The family of 14-year-old Madison Coe, who died from electrocution in a freak accident that involved her cellphone in the bathroom, is speaking out to warn parents about the dangers of having electronics near water.
“Madison was the light of my life,” her father, Logan Coe, told TODAY. “When she came into this world, it was through an emergency C-section. That was the scariest 15 minutes of my life — until now.”
Madison, who lived with her mother in Lubbock, Texas, was visiting her dad for the summer in Lovington, New Mexico. On Saturday night, she went to take a bath. The teen had been charging her phone, which was plugged into an extension cord, in the bathroom. Her family believes that Madison, mid-bath, went to grab her phone to check her messages or play a song with a wet hand, because she was found with a burn mark on one hand. The phone was found next to the bathtub, and the coroner told the family the cause of death was electrocution.
“It was not abnormal for Madison to spend two or two and a half hours in the bathtub,” her stepmother, Felisha Owens, said. “She went to take a bath around 10:30 or 11 at night and we decided around midnight to go to bed, and I went in to tell her it was time to get out. I knocked on the door and she didn’t answer. I went on in, and when I first saw her I thought she was asleep. She was in the bathtub. I took a closer look and immediately realized she wasn’t asleep. I started screaming for her dad.”
Coe, an emergency medical technician, unsuccessfully tried to revive his daughter, who was pronounced dead at the hospital. Federal safety regulators are also looking into the incident.
Despite the tragedy, Madison’s family is hoping to bring awareness to others who may not think twice about charging their cellphones near water.
“We need to make people aware that this is just as dangerous as the warnings on irons and curling irons, or any electrical appliance, being near water. You don’t think about your cellphone charger,” said Angela O’Guinn-Downs, Madison’s mother.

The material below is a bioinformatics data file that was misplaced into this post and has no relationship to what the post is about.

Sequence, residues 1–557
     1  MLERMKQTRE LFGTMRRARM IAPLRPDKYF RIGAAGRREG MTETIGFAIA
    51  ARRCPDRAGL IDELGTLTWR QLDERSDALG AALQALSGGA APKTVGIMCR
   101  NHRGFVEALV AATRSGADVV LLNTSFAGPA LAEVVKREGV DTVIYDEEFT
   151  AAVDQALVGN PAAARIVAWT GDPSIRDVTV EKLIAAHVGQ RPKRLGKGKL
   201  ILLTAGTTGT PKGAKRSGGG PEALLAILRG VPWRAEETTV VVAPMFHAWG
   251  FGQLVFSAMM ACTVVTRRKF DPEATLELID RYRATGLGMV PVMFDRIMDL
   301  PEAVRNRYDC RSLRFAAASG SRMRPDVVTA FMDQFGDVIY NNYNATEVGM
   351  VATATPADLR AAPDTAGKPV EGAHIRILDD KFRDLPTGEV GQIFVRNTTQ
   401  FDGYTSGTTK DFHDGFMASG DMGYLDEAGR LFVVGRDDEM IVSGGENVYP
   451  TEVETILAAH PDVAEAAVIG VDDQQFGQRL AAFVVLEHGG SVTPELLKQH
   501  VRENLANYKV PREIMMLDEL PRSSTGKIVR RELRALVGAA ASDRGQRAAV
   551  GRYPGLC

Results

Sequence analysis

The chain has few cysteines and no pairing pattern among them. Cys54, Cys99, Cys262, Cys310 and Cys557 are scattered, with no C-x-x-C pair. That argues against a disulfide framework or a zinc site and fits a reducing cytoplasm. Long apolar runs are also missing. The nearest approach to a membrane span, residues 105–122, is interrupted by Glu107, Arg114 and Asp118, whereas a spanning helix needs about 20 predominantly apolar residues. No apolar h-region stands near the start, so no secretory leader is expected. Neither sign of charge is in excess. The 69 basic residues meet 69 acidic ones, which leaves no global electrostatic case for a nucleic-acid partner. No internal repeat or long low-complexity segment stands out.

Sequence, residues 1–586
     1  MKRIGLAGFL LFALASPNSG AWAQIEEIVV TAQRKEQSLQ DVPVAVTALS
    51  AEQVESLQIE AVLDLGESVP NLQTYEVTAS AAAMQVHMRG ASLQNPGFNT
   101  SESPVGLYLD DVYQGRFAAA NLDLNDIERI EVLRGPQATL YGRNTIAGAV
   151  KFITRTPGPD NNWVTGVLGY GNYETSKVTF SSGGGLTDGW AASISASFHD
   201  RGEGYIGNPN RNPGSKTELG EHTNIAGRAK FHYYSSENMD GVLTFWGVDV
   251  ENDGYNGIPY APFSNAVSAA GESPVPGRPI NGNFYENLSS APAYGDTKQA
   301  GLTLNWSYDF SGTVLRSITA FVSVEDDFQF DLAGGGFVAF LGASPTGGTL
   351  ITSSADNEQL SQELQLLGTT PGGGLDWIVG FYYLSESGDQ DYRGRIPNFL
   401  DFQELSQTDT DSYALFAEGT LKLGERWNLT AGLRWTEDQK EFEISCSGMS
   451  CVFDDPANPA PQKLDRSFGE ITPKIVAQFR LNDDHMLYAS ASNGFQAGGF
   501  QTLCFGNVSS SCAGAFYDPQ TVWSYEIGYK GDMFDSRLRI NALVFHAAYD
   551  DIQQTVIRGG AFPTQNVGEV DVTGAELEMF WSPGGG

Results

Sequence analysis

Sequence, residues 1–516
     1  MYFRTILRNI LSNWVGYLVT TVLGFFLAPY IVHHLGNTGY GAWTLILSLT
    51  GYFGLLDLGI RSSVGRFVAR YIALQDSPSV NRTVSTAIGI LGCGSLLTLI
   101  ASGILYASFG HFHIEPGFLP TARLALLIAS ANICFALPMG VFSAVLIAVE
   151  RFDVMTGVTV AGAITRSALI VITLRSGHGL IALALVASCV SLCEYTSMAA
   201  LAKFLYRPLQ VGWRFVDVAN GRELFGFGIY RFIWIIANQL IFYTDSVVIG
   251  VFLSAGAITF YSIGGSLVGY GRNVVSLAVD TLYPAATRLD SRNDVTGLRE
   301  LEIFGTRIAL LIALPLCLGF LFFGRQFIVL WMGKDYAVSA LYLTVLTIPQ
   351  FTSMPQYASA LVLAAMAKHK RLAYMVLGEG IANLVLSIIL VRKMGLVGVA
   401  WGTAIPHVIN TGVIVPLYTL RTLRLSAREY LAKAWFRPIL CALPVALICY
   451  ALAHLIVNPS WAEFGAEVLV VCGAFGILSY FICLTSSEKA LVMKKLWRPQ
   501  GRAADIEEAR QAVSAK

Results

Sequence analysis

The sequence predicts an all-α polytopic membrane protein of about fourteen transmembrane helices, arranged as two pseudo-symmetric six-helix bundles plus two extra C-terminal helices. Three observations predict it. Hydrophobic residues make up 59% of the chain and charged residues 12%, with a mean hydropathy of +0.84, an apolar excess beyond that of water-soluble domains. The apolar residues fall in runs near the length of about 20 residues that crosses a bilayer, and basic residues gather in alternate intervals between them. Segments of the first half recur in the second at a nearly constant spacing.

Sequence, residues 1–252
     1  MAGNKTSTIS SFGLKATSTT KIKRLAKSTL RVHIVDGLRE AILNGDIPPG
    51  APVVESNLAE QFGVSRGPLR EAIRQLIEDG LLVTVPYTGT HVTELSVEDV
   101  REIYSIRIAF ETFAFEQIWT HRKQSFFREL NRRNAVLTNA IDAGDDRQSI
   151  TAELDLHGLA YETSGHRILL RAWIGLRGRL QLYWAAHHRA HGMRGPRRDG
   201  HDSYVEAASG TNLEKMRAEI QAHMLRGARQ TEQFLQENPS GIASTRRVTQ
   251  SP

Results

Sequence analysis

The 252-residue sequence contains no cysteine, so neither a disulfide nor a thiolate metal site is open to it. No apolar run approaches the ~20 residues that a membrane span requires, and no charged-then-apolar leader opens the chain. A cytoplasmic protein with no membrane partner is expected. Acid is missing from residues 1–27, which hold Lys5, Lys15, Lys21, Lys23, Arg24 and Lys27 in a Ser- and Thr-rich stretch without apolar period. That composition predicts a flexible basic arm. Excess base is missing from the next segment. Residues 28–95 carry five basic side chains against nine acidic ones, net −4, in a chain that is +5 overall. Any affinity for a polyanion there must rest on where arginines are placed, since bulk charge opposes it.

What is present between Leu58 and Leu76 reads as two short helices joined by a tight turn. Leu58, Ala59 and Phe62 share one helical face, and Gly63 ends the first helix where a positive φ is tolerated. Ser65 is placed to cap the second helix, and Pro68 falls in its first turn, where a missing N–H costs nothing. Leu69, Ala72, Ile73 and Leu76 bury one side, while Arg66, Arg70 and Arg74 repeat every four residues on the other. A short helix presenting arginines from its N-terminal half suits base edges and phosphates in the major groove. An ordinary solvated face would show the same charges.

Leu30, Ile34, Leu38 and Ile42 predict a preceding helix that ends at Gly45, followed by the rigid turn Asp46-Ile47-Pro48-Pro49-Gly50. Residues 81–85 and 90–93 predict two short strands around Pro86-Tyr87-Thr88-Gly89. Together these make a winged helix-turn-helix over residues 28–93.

“A lot of people are saying a cellphone can’t electrocute you,” said Coe. “I’m here to say that it can and it did …. We cannot live our lives in a protected bubble but we can at least put that cellphone down, and step away from electronics when we are in the bathroom.”
Beside her parents, Madison leaves behind two sisters, Lana, 20, and Storie, 18; one brother, Mason, 7; and two half-siblings, Kambrie Owens, 12, and Steven Owens, 14. A GoFundMe page was created in hopes of covering costs for the memorial, which will be held on Friday in Lovington.
Madison, who had recently graduated from eighth grade, is being remembered as a happy young woman, who, at 5 feet 8 inches tall, was a talented basketball player. She was also a first-chair tuba player, and the only girl tuba player in the school band.
“She loved being the only girl. She could show those boys up like nothing else,” said Owens. “People expect girls to play the flute, but our Maddie Pie showed all the boys how it was done.”
Coe also described his daughter as selfless, saving up whatever little money she had to give her dad a Father’s Day present, or growing her hair long and donating it to cancer patients.
“She always wanted to help people ….The reason why we’re sharing her story is because we know she would want this. If she could save someone else from the same fate — that’s what she would have wanted.”